Excerpt from a today’s publication in ‘The Nation, Thailand‘:Today, the world finds itself at odds with another brutal military junta in the Southeast Asian country of Burma, which continues to incarcerate Aung San Suu Kyi, the world’s only imprisoned Nobel Peace Prize recipient.
Suu Kyi’s “crime” is being loved by the people of Burma. Her political party won 82 per cent of the seats in parliament in Burma’s last democratic election, only to have the results annulled by the ruling military junta. She has remained locked up for 10 of the past 17 years. Many people of Burma fare much worse, suffering the most severe forms of torture.
The situation for ethnic minorities in the country is even worse. The military regime rules by brute force, oppressing and relocating hundreds of thousands of ethnic minorities who stand in opposition to its rule. Two thousand eight hundred villages have been burned down or otherwise destroyed in eastern Burma alone, some repeatedly, to force ethnic minorities to move to military-controlled areas. As a result, there are over one million Burmese refugees, and over half a million internally displaced people (IDPs).
The situation for both groups is dire. For example, refugees like Naanh Hla (not her real name), a Shan woman, who was 16 years old and seven months pregnant when 10 Burmese soldiers kidnapped and killed her husband and gang-raped her to the point that she gave birth prematurely alone in the jungle, or Naw Paw Paw, who recounted to Burma Issues – a group working with the human-rights organisation WITNESS – how she lost four of her six children, two on the same day, over the course of many years fleeing through the jungle.
In the past four months, the worst attacks in a decade have displaced almost 20,000 people. Yet the junta continues to cut off international access to areas of ongoing conflict, which has precluded aid to IDPs, a violation of international humanitarian law. Even in Sudan, humanitarian agencies are permitted access; not so in eastern Burma.
If caught by the military, IDPs are often either killed on the spot or forced to become porters or labourers with little or no pay. Female porters are often systematically raped at night by officers and soldiers. Forced labourers are often required to build roads for the military, making it near impossible for them to grow their own crops.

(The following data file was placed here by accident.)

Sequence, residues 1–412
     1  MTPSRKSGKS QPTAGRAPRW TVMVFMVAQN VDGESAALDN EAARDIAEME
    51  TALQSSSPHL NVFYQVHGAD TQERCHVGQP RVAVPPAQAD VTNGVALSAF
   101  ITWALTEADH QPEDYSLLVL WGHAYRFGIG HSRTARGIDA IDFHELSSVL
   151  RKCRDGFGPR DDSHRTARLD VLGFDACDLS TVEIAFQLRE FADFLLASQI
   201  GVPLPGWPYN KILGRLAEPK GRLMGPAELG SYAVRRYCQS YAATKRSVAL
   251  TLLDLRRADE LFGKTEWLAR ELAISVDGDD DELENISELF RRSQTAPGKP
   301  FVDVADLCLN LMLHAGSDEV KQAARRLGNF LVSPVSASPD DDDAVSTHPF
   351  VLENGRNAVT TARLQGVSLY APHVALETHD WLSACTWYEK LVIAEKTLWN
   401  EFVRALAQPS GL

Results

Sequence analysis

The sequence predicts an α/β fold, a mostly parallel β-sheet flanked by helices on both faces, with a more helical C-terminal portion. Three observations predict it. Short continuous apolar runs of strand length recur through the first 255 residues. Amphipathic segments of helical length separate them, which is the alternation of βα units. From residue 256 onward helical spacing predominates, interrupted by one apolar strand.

The junta military also targets children. According to Human Rights Watch, there are up to 70,000 children conscripted into the army, more than any other country in the world. Some conscripted “soldiers” are as young as eleven.
The United Nations has tried in good faith to bring change to Burma but these efforts have failed. The military junta has ignored 28 consecutive non-binding UN Resolutions, four special envoys from the UN Commission on Human Rights, and two special envoys from Secretary-General Kofi Annan himself. The Association of Southeast Asian Nations has called for the release of Suu Kyi and others, to no avail. Bilateral initiatives from Indonesia, Malaysia, Thailand and Singapore have also been rebuffed by the military junta, and several missions by the European Union have failed to elicit reform. These failures are not the fault of the United Nations. They have failed due to the intransigence of the military junta, which continues to make empty promises about transitioning to democratic government. The junta’s words have lost all credibility.
This situation won’t fix itself. The UN Security Council should address the situation in Burma and pass a legally binding resolution calling for peaceful change. Unlike other UN efforts, the Security Council has the power to compel its members to take action. A positive proposal was articulately spelled out in a recent report by South Africa’s Archbishop Desmond Tutu and former Czech president Vaclav Havel in which they made it abundantly clear that the Council has the responsibility to act on Burma. The report articulated how the effects of brutal military rule in Burma are spilling over the country’s borders and destabilising the region, and rightfully pointed out there is ample precedent for action – the Security Council has acted in less severe situations in the past. Human Rights Watch, Amnesty International and others are calling for the Security Council to act.
Members of the Security Council, including Argentina and the United Kingdom, should step forward and publicly lead the effort for a peaceful, binding Security Council resolution on Burma. If they refuse to act, many more people will die.
Adolfo Perez Esquivel is the 1980 Nobel Peace Prize recipient from Argentina and founder of the Service, Peace and Justice Foundation.
Peter Gabriel, acclaimed musician and activist, is the co-founder of the international organisation WITNESS, currently partnered with the human rights group Burma Issues.